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Portrait of Daniel Boone by Chester Harding (1820) *This portrait by Chester Harding is the only known portrait of Daniel Boone that was made from life. At the time, Boone was 85 years old and only months away from death. He had to be steadied by a friend in order to sit for this portrait while the artist worked.
Statue of Daniel Boone, made for the St. Louis Exposition, by Enid Yandell
Daniel Boone was an American pioneer and hunter whose frontier exploits made him one of the first folk heroes of the United States. Boone is most famous for his exploration and settlement of what is now the U.S. state of Kentucky, which was then beyond the western borders of the Thirteen Colonies. Despite resistance from American Indians, for whom Kentucky was a traditional hunting ground, in 1775 Boone blazed the Wilderness Road through the Cumberland Gap and into Kentucky. There he founded Boonesborough, one of the first English-speaking settlements beyond the Appalachian Mountains. Before the end of the 18th century, more than 200,000 people entered Kentucky by following the route marked by Boone.
Daniel Boone Woodcut, Alonzo Chappel (1861)
Boone was a militia officer during the American Revolutionary War (1775–1783), which in Kentucky was fought primarily between settlers and British-allied American Indians. Boone was captured by Shawnees in 1778 and adopted into the tribe, but he escaped and continued to help defend the Kentucky settlements. He was elected to the first of his three terms in the Virginia General Assembly during the war, and fought in the Battle of Blue Licks in 1782, one of the last battles of the American Revolution. Boone worked as a surveyor and merchant after the war, but he went deep into debt as a Kentucky land speculator. Frustrated with legal problems resulting from his land claims, in 1799 Boone resettled in Missouri, where he spent his final years.
Portrait of Daniel Boone, artist unknown
Daniel Boone after Harding, artist unknown
Portrait of Daniel Boone, 1820, artist unknown
Boone remains an iconic, if imperfectly remembered, figure in American history. He was a legend in his own lifetime, especially after an account of his adventures was published in 1784, making him famous in America and Europe. After his death, he was frequently the subject of tall tales and works of fiction. His adventures—real and legendary—were influential in creating the archetypal Western hero of American folklore. In American popular culture, he is remembered as one of the foremost early frontiersmen, even though the mythology often overshadows the historical details of his life.
Daniel Boone Miniature after Chester Harding
The only known portrait of Daniel Boone that was painted while the frontiersman was alive was painted by Chester Harding. Today, there exists some 8 versions of this painting, and as a result, there is some confusion regarding which one was the original.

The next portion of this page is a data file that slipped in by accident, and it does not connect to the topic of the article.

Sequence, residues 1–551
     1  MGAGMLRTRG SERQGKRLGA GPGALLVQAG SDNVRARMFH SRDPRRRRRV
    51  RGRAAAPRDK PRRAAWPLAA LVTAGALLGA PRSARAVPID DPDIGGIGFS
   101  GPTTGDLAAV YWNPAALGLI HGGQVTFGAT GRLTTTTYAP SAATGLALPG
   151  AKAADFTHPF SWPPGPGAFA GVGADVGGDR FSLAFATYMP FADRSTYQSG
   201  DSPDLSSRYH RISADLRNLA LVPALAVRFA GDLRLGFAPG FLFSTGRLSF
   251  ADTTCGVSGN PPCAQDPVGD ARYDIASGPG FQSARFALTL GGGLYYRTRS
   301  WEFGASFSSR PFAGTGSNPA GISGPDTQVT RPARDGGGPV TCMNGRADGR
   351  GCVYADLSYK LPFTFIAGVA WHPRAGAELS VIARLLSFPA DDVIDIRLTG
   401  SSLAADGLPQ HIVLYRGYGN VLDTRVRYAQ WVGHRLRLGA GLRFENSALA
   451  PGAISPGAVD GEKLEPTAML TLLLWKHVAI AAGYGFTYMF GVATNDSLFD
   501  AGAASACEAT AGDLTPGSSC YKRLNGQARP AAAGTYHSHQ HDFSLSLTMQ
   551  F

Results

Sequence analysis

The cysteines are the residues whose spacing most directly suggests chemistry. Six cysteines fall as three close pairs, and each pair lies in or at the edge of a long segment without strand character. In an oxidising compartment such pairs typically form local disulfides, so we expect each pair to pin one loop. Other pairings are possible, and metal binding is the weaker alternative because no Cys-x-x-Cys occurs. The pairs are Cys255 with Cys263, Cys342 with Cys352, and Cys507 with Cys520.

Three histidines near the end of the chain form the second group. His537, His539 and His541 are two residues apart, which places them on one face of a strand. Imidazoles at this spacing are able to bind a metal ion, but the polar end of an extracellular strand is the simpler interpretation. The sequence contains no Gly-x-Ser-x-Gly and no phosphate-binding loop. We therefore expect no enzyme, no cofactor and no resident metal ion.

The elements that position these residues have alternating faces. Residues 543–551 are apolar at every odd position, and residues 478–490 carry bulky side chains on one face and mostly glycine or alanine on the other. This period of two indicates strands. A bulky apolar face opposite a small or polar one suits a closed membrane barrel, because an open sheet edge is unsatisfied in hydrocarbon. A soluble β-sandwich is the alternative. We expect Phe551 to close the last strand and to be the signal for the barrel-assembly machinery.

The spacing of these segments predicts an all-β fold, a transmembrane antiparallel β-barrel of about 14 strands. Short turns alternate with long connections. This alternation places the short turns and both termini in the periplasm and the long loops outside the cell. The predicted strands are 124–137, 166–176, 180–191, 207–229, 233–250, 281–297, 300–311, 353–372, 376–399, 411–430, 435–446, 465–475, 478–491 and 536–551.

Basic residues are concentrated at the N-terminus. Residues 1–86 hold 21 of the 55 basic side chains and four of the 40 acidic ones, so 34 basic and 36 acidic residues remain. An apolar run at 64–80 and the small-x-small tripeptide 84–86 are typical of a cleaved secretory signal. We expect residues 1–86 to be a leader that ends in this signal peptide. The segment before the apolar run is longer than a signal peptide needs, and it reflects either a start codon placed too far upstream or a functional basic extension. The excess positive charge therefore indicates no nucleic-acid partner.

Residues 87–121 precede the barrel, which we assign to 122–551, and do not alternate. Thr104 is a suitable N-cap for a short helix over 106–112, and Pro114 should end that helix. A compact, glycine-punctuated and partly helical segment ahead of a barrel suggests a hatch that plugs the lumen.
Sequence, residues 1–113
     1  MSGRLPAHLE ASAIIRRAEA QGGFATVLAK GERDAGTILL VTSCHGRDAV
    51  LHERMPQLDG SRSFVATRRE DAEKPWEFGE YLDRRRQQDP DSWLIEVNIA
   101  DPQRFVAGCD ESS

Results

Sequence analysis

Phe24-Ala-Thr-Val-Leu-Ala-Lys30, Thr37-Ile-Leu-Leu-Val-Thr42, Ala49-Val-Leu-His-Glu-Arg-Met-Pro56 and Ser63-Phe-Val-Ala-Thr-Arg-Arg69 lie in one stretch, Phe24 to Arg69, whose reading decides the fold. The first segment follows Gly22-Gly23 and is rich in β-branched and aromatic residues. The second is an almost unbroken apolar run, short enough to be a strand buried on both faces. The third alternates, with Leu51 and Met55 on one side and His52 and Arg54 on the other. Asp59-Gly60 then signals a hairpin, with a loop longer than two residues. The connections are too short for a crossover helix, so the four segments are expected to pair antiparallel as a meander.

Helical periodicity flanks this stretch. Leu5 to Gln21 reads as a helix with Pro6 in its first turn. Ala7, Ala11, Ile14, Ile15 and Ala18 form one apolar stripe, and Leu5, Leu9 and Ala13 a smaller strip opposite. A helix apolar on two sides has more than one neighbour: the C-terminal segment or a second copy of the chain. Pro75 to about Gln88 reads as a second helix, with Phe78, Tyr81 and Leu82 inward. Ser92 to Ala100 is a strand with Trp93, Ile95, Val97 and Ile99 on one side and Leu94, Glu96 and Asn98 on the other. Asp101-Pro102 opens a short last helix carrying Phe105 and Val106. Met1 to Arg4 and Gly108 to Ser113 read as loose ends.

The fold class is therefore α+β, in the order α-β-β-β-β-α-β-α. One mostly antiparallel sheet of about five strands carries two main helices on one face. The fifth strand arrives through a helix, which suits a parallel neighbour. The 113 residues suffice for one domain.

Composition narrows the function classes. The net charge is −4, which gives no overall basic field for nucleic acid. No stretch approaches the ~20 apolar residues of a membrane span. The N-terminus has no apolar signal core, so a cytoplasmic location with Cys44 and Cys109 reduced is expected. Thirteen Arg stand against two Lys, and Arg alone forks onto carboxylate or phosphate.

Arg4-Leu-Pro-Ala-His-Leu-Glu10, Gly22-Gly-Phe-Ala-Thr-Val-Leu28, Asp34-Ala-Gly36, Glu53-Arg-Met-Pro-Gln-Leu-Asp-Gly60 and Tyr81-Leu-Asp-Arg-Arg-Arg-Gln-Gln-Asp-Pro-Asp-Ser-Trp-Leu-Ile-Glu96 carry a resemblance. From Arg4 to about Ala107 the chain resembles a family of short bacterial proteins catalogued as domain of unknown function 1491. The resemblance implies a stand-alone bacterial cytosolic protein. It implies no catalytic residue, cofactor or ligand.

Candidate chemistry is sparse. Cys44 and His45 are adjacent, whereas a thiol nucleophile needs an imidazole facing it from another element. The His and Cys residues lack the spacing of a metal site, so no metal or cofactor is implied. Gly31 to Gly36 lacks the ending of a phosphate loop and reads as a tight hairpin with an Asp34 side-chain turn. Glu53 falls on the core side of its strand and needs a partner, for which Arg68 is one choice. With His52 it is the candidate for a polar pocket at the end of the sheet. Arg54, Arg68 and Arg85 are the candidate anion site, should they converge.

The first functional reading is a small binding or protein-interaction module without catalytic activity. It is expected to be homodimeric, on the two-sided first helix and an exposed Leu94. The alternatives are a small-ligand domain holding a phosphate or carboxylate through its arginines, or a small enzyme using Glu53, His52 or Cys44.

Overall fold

Daniel Boone Escorting Settlers Through Cumberland Gap, 1851-1852, by George Caleb Bingham
Harding went to considerable lengths to capture this historic figure in portrait, as his own personal account from 1820 conveys:
"In June of this year I made a trip of one hundred miles for the purpose of painting the portrait of old Colonel Daniel Boone. I had much trouble finding him. He was living, some miles from the main road, in one of the cabins of an old block-house which was built for the protection of the settlers against the incursion of the Indians. I found that the nearer I got to his dwelling, the less was known of him. Within two miles of his house, I asked a man to tell me where Colonel Boone lived. He said he did not know any such man. "Why, yes you do," said his wife. "It is that white-headed old man who lives on the bottom, near the river." A good illustration of the proverb that a prophet is not without honor, save in his own country."
Furthermore, Harding's memoirs of this trip also reveal that this was likely the first time that he ever sat for a portrait, in that the aged explorer was astonished at his own likeness, as were his family members, including his 18 grandchildren. In essence, it is not likely that there were any portraits made of Boone as a young man. This however, is debatable since, at 86 years old, Boone may have been entering stages of Alzheimer's or dementia, he may not have remembered ever having sat for a portrait at that time.
Statue of Daniel Boone, Appalachian State University
Harding's own personal accounts also entail that he created pencil study of Boone as well as a smaller painting while creating this full sized portrait. Where are they today? Perhaps hanging in your home or filed away in centuries old paperwork or a hidden notebook. There are also possibly a number of paintings created in the last century of Boone that were inspired by Hollywood; in short, portraying Boone with a coonskin cap (he never truly wore one). These may hold value to collectors of kitsch, but the truly valuable Boone portraits would be those painted during his lifetime. To find a true depiction of Boone painted during his lifetime would be an extraordinary find.
Daniel Boone, contemporary portrait inspired by Hollywood
Still wondering about a mysterious portrait in your family collection? Contact us...it could be a portrait of Daniel Boone.
 excerpt taken from "Chester Harding and the Life Portrait of Daniel Boone" by Leah Lipton, American Art Journal, Vol. 16, No. 3 (Summer 1984), p.p. 4-19.